I've read that floaters are more common in nearsighted (myopic) people, and I have a lot of them. There is an informative article on Wiki about
The reason that I asked about
the blurriness is to see if it was refractive (pertaining to your relaxed eyes' ability to correctly focus the light on the retina), or if it pertained to your ability to focus that light on your retina when you are looking at close objects.
Here's an informative article I found when researching my answer to you pertaining to how the eye works when focussing.www.tedmontgomery.com/the_eye/lens.html
If something in the migraine the causes the numbness in the facial area, as you described as being the tongue, I was wondering if the migraine might interfere with the nerves to the muscles that adjust (accommodate) the eye to permit viewing things clearly that are close, thus contributing to blurry vision.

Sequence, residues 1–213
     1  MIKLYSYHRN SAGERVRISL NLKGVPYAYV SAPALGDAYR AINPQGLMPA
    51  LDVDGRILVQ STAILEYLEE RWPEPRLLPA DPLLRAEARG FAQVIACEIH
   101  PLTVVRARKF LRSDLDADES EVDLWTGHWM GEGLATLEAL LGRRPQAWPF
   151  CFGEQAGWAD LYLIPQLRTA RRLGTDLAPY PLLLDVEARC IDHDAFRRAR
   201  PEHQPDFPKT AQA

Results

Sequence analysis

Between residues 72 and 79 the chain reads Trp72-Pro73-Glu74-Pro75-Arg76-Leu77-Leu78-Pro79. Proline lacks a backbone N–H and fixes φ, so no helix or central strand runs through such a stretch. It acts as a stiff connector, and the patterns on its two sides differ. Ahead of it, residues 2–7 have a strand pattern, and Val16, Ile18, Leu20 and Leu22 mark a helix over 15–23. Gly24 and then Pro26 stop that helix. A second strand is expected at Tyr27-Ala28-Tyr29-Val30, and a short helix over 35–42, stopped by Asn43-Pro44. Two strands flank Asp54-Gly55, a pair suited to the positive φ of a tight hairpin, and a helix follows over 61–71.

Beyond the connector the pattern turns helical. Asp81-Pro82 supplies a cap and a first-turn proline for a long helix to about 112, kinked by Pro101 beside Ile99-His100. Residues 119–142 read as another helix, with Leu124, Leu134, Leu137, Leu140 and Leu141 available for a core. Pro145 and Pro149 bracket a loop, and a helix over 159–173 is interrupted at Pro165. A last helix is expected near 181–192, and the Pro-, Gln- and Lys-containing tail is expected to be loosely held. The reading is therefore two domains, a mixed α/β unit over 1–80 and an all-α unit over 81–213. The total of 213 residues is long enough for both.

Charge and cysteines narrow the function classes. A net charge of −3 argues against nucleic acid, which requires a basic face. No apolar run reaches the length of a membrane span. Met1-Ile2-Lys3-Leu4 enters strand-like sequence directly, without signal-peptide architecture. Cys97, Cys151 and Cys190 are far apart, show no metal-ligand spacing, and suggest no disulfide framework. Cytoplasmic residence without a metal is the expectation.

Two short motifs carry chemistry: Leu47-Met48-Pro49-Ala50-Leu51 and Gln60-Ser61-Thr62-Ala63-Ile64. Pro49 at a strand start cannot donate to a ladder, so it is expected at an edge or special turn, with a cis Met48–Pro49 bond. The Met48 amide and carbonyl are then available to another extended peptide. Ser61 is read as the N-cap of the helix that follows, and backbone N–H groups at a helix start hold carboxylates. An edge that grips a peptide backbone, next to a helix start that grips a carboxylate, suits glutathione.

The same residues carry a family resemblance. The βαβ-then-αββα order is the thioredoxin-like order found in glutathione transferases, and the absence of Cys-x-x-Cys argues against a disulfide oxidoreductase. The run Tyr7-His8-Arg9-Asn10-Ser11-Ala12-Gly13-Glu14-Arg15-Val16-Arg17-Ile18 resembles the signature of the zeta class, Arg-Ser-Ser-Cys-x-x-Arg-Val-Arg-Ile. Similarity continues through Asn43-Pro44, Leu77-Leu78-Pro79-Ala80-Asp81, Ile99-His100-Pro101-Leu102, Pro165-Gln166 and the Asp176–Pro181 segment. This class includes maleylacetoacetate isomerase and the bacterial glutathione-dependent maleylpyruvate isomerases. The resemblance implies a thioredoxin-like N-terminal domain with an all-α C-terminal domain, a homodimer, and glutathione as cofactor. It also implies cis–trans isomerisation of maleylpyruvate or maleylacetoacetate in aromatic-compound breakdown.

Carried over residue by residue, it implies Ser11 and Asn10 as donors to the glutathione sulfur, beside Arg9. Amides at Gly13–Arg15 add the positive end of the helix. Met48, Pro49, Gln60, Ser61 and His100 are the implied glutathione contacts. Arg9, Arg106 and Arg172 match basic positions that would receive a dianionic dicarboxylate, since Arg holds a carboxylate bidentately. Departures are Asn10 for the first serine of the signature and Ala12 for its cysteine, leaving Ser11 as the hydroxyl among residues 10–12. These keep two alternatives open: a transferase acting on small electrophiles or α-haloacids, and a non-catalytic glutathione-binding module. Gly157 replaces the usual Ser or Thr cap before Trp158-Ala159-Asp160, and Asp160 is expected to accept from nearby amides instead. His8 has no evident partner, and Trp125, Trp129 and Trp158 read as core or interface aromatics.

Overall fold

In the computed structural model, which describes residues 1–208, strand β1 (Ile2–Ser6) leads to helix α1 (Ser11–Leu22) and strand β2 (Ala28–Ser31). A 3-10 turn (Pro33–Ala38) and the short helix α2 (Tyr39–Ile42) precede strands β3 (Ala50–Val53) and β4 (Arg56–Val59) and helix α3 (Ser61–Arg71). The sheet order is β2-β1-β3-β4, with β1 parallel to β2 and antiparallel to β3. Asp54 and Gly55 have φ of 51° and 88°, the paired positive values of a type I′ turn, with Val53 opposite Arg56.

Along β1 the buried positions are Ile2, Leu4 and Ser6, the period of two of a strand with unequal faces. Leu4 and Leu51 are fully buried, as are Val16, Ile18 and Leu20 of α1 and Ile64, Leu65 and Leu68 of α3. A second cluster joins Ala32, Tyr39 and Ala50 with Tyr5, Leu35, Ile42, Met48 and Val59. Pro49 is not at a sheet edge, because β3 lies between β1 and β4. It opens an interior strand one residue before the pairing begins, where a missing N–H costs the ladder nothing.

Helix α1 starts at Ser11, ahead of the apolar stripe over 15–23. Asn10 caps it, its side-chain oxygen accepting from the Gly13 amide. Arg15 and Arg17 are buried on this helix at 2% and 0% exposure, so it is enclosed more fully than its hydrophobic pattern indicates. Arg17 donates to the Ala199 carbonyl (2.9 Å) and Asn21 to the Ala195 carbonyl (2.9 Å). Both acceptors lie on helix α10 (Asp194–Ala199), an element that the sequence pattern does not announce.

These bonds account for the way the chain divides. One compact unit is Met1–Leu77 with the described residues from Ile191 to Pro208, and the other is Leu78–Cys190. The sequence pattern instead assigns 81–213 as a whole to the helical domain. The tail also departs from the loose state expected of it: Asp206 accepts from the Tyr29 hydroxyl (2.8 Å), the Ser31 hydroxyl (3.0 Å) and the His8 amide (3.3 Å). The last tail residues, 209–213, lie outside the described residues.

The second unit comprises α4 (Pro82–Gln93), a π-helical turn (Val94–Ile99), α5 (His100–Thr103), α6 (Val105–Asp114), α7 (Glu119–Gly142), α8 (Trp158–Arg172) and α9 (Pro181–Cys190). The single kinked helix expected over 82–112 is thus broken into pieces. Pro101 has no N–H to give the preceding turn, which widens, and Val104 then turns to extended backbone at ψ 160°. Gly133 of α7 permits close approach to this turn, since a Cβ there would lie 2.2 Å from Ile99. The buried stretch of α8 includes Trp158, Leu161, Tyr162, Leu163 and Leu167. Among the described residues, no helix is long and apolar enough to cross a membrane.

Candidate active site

Did you see an ophthalmologist or optometrist? Ophthalmologists are medical doctors. In my years of struggling with visual (ocular) migraines a few times a week, after exhaustive tests and retests, I finally saw a neuro-ophthalmologist. He was 1 week from career retirement and didn't have any advise that the other ophthalmologists hadn't already offered. I felt cheated.
Eventually it was discovered that I was having seizures, my tongue and lower lip would go numb (and other seizure stuff as well), and I was put on Phenytoin, an Anti-Epileptic-Drug (AED), and the migraines stopped. My neurologist says that there can be a fine line between the two.
Here's possibly a relevant find, interesting.www.migraine-aura.com/content/e27891/e27265/e42285/e63263/index_en.html
Check out the above link, it's more interesting than I initially realized.
Post Edited (JungRulz) : 2/22/2014 1:32:01 PM (GMT-7)